A firewall is a security mechanism that filters out the bad traffic that tries to access your private network. Like a metal detector installed at secure entrance points in buildings, a firewall is a virtual tool that scans data packets before they enter your company’s network. It checks these data packets against a set of predefined rules.
Like any other technology, the firewall has been updated with advanced security protocols that extend its usability beyond network protection.
The first firewall, a packet filter, was introduced in 1988, during the early internet days when computer geeks noticed that their systems were compromised. Today, we have grown so familiar with this network protection mechanism that no network security conversion is complete without mentioning the firewall.
Firewalls are classified into four types, each following a unique approach to keep your network, database, and employees safe. Your network might need more than one type of firewall for optimal performance. Keep reading to explore different types of firewalls, how they operate, and which is the best fit for your organization.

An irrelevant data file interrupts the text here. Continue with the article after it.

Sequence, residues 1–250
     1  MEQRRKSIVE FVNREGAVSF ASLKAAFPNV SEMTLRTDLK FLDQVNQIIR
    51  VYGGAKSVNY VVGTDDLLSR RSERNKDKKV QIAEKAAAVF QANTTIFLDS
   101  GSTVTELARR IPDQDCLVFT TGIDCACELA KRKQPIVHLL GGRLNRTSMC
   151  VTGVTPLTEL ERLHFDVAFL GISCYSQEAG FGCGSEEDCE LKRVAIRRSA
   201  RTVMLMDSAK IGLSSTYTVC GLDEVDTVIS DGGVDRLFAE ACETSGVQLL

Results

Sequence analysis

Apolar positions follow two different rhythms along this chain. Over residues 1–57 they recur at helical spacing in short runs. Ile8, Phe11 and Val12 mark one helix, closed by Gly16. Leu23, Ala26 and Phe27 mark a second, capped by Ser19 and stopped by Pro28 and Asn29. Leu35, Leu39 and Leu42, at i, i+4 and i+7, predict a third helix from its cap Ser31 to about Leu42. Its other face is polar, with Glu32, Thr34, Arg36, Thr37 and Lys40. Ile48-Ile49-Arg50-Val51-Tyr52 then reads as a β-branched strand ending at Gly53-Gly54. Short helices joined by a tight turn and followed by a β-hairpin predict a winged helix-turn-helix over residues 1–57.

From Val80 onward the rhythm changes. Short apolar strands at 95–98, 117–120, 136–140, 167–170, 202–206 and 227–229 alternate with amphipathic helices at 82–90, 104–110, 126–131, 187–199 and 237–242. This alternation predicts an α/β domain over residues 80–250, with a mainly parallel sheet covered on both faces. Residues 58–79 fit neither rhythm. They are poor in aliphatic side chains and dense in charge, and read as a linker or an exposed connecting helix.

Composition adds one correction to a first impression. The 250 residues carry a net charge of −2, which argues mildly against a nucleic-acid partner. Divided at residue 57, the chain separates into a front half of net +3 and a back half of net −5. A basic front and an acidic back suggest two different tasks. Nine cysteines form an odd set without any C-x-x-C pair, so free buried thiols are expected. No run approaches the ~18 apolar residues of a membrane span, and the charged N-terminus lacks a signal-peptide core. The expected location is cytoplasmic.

Software and Hardware Firewalls
Technically, you can use software, hardware, or a combination of these firewalls to ensure maximum network protection.
A hardware firewall is installed on your company’s router. It covers all the devices connected to this router. Before the data packets enter or leave your network, the hardware firewall scans them thoroughly. It checks the source address, a destination address, content type, and other factors to determine if the data packets are safe.
Physical firewalls are designed for organizations with many devices connected to the same network. They block malicious traffic trying to enter your company’s private network, but they aren’t reliable for offering protection against internal attacks.
Once the data packets access your company’s intranet, they are further checked by the software firewalls installed on each computer or internet device. This offers better security from insider threats.